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Gear Review: Westcomb Shift LT Hoody Jacket

Westcomb Shift LT Hoody

Rain Jacket
Westcomb Shift LT Hoody
$400, 12 oz. (men’s medium)
Sizes: men’s S-XXL
westcomb.com

Hiking the treeless, completely exposed rock and tundra of Besseggen Ridge in Norway’s Jotunheimen National Park, we started out in a cold rain in temperatures barely above freezing—but as we gained elevation, the rain changed to horizontal, wind-driven snow. On other days during that eight-day trek, we hiked for hours through spitting to steady rain in temps in the 30s and 40s Fahrenheit. When the sun did come out, we still met with strong, chilly winds that had us in jackets, wool hats, and gloves—including on a dawn ascent of the 6,667-foot peak Kyrkja. Almost every day, for several hours a day, I wore this jacket—and in such sustained, severe conditions, I was very happy to have it.

The biggest selling point is the Polartec NeoShell, a polyurethane membrane that Polartec claims—and I’ll vouch for—has the wind protection and waterproofing of a hard shell, yet the high breathability, stretch, and supple feel of a soft shell. When I reviewed Westcomb’s 15-ounce Switch LT Hoody, I called it a legitimate four-season shell because of its combination of weather protection and breathability. But the Shift, coming in a few ounces lighter, is now the better choice for spring, summer and fall. The Shift shaves ounces by having just one pocket (a deep chest pocket), thinner seam tape, laminated zippers and hems, and (unlike the Switch) no pit zips. Still, it remains a technical, all-conditions shell—best exemplified by the fully adjustable, helmet-compatible hood that kept windblown rain and snow out of my face and turned with my head, and the waterproof (but smooth-moving) zippers. And with this breathability, I didn’t miss the pit zips. A high collar covered my neck from wind and light rain when I dropped the hood, and the velour chin guard is a nice feature. From design to comfort and performance, the Shift LT Hoody is a winner.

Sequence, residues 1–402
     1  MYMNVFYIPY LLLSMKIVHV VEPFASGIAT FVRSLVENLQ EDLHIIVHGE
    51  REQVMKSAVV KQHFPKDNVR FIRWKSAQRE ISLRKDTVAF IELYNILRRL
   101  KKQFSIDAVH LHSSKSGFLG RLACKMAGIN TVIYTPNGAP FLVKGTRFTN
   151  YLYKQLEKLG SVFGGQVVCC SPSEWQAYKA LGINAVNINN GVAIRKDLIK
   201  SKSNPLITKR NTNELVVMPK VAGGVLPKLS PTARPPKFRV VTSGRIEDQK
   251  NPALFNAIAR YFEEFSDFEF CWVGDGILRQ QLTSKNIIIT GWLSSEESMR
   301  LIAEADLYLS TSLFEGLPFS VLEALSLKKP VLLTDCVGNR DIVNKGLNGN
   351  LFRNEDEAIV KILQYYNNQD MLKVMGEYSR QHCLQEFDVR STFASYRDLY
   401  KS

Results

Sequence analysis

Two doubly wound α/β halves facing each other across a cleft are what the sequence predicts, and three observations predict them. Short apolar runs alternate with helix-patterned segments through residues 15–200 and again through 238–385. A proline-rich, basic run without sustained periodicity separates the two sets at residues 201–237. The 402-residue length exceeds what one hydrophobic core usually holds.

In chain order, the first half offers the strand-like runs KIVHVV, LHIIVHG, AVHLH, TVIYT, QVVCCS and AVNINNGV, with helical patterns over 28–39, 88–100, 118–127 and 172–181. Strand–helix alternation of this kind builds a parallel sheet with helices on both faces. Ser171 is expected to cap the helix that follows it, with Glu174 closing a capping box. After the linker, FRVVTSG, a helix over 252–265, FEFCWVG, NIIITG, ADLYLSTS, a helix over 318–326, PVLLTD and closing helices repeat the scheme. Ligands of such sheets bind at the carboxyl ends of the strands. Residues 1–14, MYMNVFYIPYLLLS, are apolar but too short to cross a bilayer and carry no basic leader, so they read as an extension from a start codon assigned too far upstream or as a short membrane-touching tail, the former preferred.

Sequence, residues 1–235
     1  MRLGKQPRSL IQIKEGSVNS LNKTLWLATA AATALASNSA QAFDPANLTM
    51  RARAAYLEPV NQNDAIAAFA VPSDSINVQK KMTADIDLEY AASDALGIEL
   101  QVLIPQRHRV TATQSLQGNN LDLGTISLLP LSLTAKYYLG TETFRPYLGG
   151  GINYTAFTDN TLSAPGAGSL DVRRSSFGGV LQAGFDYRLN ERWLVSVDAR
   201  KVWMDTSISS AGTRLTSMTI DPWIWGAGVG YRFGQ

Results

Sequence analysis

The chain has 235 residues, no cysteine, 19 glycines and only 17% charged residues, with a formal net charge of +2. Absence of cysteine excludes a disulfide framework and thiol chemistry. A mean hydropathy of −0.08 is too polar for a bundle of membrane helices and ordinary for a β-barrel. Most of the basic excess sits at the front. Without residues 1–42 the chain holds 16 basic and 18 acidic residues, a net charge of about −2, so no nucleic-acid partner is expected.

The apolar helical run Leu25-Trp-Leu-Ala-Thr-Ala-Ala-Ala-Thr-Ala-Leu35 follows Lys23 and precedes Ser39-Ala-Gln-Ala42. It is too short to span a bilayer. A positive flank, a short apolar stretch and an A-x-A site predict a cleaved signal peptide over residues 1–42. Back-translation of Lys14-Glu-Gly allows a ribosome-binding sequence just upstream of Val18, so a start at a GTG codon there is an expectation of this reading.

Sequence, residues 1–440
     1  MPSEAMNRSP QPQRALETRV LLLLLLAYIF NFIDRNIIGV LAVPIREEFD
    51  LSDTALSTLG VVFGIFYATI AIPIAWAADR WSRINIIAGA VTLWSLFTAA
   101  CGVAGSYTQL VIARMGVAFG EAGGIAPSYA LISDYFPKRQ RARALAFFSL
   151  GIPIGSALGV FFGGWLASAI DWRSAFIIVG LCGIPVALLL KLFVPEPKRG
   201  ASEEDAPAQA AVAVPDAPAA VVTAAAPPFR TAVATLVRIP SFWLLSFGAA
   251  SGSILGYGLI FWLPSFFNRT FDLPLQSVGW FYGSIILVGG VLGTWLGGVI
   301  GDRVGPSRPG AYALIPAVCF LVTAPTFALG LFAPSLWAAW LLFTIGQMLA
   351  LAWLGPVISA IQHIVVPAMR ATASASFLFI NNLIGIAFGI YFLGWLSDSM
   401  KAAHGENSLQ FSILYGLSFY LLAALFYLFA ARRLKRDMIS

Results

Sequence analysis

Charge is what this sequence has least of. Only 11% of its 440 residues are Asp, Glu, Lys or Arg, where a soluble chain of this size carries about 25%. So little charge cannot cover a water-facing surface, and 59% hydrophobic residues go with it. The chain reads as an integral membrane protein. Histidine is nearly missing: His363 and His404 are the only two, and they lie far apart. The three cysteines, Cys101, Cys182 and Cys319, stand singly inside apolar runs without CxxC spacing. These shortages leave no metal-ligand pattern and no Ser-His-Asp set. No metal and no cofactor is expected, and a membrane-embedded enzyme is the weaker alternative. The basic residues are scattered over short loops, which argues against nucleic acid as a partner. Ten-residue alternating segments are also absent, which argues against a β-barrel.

—Michael Lanza

About The Author

Michael Lanza

A former field editor and primary gear reviewer for Backpacker Magazine, Michael Lanza created The Big Outside to share stories and images from his many backpacking, hiking, and other outdoor adventures, as well as expert tips and gear reviews to help readers plan and pull off their own great adventures.

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photo of Michael Lanza

Hi, I’m Michael Lanza, creator of The Big Outside and former Northwest Editor at Backpacker magazine. Click my photo to learn more about me and my blog. Click here to sign up for my FREE email newsletter. Join The Big Outside now to get full access to all of my blog’s stories. And click here to learn how I can help you plan your next trip.

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